"NO MAN IN PUBLIC OFFICE OWES THE PUBLIC ANYTHING," played in the Senatorial campaign of 1897 is familiar to those who follow politics. It was kept standing for days in black faced capitals at the head of the opposition newspapers in Ohio, and remained a potent weapon in the hands of Mr. Hanna's enemies to the time of his death.
Whatever the pressure Mr. Watson encountered, it had no effect on his purpose. He quietly went ahead, presented his brief, and, when the time came, he and Mr. Warrington argued the case. The following proposition from the brief presented by Mr. Watson and Mr. Warrington show tersely the line of their argument: "Where the manifest object of an agreement is to unite corporations, partnerships and individuals into, or include them in a common enterprise, and control them through an agency unknown to the law of their creation, and all the officers, directors and stockholders of such corporations sign the agreement, and, in furtherance of its provi sions, transfer their stock to such agency, permit the corporate executive agencies to make such transfers on the corporate books, submit without objection to the domination of the agency to which the stock is so transferred in the selection of directors and officers, and in the management of the corporate affairs and business suffer the cor porate earnings to go to such agency and be placed and mingled with the earnings of the other parties in the combination so created, and, after deductions for uses of the combination, be divided as part of such common earnings among the persons interested, in such case the corporations become and are—or at least will be treated by the courts as—parties to such agreement and actors in its performance, although their corporate names are withheld therefrom. Such proceedings constitute actual corporate conduct, if not formal corporate action, on the part of each corporation.
"An agreement is in violation of law and void which in effect creates a partnership between corporations, or where its probable operation and effect—much more where its inevitable tendency—is to create a substantial monopoly, or is in restraint of trade or otherwise injurious to the public.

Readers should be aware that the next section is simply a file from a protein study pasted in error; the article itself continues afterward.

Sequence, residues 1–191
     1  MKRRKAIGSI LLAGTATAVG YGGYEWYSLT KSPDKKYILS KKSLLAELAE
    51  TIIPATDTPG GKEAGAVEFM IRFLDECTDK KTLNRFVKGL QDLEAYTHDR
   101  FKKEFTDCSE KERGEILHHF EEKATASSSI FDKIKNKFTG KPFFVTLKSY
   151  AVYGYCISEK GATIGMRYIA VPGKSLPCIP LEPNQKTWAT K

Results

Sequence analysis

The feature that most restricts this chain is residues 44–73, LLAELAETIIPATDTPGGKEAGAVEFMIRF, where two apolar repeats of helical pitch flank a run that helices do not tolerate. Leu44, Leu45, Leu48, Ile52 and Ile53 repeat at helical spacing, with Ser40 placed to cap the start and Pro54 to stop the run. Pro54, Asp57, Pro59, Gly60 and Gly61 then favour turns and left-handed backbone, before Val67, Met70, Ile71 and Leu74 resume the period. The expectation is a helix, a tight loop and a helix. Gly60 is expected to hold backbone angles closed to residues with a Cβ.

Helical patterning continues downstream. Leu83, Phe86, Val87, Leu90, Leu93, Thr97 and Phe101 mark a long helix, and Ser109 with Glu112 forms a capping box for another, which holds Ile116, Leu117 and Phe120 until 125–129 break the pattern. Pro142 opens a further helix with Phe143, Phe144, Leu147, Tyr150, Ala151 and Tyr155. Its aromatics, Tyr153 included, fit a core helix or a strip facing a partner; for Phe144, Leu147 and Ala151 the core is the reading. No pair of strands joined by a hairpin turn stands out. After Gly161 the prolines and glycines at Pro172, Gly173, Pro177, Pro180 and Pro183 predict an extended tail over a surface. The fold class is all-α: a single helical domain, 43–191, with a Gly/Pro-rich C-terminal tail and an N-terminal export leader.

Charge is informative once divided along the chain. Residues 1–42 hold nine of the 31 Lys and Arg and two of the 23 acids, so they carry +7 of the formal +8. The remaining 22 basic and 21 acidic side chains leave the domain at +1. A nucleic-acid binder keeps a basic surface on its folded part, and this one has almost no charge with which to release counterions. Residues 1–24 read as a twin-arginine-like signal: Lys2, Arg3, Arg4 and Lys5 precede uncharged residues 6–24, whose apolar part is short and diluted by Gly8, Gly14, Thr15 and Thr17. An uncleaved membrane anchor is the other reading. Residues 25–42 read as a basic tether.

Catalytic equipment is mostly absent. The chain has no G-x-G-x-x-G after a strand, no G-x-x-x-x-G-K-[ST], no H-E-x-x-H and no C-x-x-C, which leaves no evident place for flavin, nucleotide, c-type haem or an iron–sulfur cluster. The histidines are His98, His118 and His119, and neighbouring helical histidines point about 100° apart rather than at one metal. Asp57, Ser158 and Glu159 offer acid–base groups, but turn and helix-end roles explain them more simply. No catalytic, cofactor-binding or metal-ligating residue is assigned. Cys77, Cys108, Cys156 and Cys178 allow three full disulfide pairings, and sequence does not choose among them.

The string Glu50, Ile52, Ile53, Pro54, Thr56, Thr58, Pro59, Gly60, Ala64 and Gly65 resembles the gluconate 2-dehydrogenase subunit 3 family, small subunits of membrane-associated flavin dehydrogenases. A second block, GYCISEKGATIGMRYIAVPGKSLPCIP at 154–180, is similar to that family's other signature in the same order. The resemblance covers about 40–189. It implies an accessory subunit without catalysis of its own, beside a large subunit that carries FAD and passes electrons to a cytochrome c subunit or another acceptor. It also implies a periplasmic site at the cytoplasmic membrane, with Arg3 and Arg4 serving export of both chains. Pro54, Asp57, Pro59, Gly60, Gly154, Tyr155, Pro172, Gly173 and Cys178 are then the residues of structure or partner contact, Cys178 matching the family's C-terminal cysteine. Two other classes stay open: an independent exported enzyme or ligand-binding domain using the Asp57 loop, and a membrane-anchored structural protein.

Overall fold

"Where a corporation, either directly or indirectly, submits to the domination of an agency unknown to the statute, or identifies itself with and unites in carrying out an agreement whose performance is injurious to the public, it thereby offends against the law of its creation and forfeits all rights to its franchises, and judgment of ouster should be entered against it.
"Even if the statute which prescribes a time within which an action against a con poration for forfeiture of its charter shall be commenced, be applicable to a case of this kind, yet, where the offences or acts committed or omitted by a corporation for which forfeiture of its charter is sought at the suit of the state, are concealed, or are of such character as to conceal themselves, such offences and acts as against the state are frauds, and such statute does not begin to run until the frauds are discovered." Joseph H. Choate appeared for the defence. The most eminent lawyer in the country, his argument must have been anxiously awaited by Mr. Watson. Curiously enough, as it seems to the non-legal mind, Mr. Choate began his plea by a prayer for mercy. Whatever the sins of the Standard Oil Company of Ohio, pleaded Mr. Choate, do not take away its charter. Mr. Choate then proceeded with a strong argument in which he claimed "absolute innocence and absolute merit for everything we have done within the scope of the matters brought before the court by these pleadings." The argument did not convince the court of the innocence of the Standard in the questions at issue. The court showed, out of the mouth of the trust agreement itself, that the Standard Oil Company of Ohio was "managed in the interest of the Standard Oil Trust—irrespective of what might be its duties to the people of the state from which it derives its corporate life." The court gave as its opinion that an act of a majority of the stockholders of a corporation affects the property of a company in the same way that a resolution by the board of directors affects it. "By this agreement," said the court, "indi rectly, it is true, but none the less effectually, the defendant is controlled and managed by the Standard Oil Trust, an association with its principal place of business in New York City, and organised for a purpose contrary to the policy of our laws. Its object was to establish a virtual monopoly of the business of producing petroleum, and of manufacturing, refining and dealing in it and all its products, throughout the entire country, and by which it might not merely control the production, but the price, at its pleasure. All such associ ations are contrary to the policy of our state and void.